We’re still mining a rich seam of evidence summaries from the latest Eyes on Evidence. The same issue that looked at how to encourage poorer women to be more physically active also contains an evidence summary on the impact of smoke-free legislation on population health.
The summary focuses on the impact of passive smoking, and resultant health gains from reducing non-smokers’ exposure to tobacco smoke in areas that have been subject to a ban.
The article also summarises the estimated impact of passive smoking and the findings from other early studies showing that smoking bans have reduced the incidence of diseases associated with second-hand smoke around the world.
The Lifestyle Elf has traditionally had a strong focus on research that looks at how we can help people to kick the baccy. Smoking affects so many health outcomes that there is a very diverse array of studies underway to look at the impact of smoking bans.
This Eyes on Evidence summary looks at two observational studies:
- the impact of smoking bans on pregnancy outcomes
- the impact of smoking bans on emergency hospital admissions for asthma.
The first study looked at all 448,520 spontaneous births in Belgium during a ten-year period that spanned the introduction of three different smoking bans. The researchers observed statistically signficiant reductions in the percentage of pre-term births after the introduction of each smoking ban.
The second study was an audit of Hospital Episode Statistics in England that spanned the introduction of smoke-free legislation in 2007. They found a 4.9% (95% CI 0.6% to 9.0%) reduction in emergency hospital admissions for asthma.
Both of these studies add to the growing evidence that smoke-free legislation is effective at reducing poor health.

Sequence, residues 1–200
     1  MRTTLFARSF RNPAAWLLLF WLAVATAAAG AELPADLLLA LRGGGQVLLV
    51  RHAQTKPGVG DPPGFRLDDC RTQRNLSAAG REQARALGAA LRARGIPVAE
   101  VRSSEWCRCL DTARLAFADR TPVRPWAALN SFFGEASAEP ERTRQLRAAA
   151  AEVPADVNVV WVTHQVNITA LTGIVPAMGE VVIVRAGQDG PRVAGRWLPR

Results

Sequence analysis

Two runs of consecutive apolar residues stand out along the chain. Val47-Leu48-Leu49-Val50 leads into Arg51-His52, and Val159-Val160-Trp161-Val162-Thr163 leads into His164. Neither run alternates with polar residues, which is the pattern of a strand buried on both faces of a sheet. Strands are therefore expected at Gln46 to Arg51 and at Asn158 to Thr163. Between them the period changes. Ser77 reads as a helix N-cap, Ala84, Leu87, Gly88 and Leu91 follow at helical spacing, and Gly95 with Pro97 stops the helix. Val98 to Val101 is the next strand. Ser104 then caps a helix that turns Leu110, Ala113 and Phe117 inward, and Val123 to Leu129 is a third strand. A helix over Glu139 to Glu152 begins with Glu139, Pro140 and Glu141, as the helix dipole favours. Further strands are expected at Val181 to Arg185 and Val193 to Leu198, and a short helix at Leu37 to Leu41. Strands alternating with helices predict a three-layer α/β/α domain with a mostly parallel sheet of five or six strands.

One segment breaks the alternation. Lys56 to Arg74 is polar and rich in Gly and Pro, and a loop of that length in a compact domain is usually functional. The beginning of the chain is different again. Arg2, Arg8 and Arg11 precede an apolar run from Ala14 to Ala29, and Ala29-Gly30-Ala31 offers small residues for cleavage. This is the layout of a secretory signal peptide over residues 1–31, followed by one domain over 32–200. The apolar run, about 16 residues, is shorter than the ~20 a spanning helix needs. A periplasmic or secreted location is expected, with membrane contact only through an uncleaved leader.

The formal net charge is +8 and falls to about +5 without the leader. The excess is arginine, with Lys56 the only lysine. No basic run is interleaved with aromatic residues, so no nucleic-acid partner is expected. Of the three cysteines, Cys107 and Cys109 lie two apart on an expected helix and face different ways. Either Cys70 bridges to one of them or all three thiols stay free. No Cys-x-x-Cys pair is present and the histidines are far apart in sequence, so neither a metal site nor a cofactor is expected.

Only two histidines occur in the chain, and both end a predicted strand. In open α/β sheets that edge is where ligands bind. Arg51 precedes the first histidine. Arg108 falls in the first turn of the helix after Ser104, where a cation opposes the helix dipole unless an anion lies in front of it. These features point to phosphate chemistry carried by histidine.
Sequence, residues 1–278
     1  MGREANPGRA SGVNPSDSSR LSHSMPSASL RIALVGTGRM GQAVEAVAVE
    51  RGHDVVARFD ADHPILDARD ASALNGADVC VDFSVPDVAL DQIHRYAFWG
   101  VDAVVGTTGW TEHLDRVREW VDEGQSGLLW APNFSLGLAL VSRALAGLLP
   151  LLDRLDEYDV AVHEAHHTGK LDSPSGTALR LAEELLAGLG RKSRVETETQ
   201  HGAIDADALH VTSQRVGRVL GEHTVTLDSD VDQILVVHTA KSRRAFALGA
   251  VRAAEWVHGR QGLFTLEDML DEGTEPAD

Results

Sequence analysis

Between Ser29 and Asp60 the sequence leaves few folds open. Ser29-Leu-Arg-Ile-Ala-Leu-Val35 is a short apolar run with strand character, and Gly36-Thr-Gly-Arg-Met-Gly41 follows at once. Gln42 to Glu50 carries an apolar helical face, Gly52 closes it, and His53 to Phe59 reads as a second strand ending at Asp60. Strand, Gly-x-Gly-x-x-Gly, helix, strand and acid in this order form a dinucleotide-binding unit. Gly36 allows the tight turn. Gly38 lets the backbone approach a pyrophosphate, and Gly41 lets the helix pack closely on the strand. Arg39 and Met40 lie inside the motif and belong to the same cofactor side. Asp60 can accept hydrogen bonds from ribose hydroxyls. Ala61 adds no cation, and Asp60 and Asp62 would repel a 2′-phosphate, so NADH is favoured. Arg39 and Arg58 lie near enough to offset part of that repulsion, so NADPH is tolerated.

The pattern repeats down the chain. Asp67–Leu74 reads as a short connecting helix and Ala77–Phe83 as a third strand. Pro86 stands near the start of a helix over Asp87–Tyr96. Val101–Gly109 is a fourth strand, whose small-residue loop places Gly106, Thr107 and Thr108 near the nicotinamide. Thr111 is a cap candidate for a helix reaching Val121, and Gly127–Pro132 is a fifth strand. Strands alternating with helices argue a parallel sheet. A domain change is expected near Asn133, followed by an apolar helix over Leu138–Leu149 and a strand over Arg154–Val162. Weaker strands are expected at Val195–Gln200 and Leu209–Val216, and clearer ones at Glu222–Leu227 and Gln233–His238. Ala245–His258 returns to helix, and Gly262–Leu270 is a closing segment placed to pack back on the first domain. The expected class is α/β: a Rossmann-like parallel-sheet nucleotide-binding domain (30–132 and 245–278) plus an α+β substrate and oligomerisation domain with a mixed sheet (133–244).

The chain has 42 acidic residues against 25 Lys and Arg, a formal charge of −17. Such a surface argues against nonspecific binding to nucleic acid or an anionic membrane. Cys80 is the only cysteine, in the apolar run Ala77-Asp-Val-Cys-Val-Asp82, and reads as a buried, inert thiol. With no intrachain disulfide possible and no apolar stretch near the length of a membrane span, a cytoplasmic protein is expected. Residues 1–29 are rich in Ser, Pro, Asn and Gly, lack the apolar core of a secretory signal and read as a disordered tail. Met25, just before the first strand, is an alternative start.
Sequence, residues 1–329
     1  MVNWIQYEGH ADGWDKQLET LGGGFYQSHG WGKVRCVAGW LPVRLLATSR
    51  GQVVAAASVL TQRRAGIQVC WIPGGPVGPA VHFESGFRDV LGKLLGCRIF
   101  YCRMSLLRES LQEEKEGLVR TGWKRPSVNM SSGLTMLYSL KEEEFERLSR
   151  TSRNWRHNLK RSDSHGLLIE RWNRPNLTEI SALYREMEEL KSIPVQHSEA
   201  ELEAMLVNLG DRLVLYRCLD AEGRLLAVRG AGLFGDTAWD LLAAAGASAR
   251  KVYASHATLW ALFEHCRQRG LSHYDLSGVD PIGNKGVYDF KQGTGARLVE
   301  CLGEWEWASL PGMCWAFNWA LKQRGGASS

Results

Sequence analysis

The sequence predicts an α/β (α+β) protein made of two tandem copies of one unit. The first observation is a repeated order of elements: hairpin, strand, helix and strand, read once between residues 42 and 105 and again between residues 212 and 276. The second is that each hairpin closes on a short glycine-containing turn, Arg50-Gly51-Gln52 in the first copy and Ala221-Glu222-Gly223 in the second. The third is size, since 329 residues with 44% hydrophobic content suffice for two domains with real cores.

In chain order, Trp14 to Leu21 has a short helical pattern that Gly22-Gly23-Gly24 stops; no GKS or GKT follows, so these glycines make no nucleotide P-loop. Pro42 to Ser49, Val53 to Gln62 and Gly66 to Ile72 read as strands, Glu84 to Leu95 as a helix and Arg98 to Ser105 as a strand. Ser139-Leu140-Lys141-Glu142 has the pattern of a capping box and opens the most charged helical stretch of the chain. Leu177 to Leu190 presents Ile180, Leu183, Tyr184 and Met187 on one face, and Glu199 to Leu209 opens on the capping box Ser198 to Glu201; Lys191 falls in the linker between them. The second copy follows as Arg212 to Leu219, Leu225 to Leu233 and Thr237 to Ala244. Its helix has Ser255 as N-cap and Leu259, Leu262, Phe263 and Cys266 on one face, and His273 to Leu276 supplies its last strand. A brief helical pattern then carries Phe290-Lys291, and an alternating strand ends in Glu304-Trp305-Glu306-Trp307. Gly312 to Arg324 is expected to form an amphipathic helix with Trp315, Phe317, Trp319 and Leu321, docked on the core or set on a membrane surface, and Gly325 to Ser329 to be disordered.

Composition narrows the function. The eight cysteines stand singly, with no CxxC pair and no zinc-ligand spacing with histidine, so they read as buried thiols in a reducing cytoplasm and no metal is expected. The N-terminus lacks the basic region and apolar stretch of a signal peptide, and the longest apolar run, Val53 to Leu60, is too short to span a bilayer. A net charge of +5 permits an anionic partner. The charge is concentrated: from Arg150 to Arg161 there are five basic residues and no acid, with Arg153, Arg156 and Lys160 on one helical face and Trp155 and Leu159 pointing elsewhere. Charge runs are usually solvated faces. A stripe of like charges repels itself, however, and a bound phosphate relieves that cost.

- As this is observational evidence, it is impossible to prove causation. It could be that other factors, such as improvements in prenatal care, reduced the rate of preterm birth. However, the consistency of the association is striking.
- The researchers did adjust their analysis to take account of known confounders, such as changes in patterns of care, but they can’t take account of confounders they don’t know about.
- There is an interesting Response to the preterm birth study on the BMJ website from Dutch researchers who did a similar analysis. They report evidence of a reduction in preterm births since 2000, but no evidence of additional reductions when smoking bans were introduced. This suggests there may indeed have been confounding from improvements in prenatal care.
- In the case of asthma, similar studies in different settings have found similar results, suggesting that the picture is much clearer for smoking bans reducing asthma attacks by reducing passive smoking.
- National Institute for Health and Care Excellence (NICE). Impact of smoke-free legislation on population health. Eyes on Evidence 2014; 57.
- Cox, B., Martens, E., Nemery, B., Vangronsveld, J., Nawrot, T. Impact of a stepwise introduction of smoke-free legislation on the rate of preterm births: analysis of routinely collected birth data. BMJ 2013;346:f441.
- Sims M, Maxwell R, Gilmore A. Short-term impact of the smokefree legislation in England on emergency hospital admissions for asthma among adults: a population-based study. Thorax. 2013 Jul;68(7):619-24.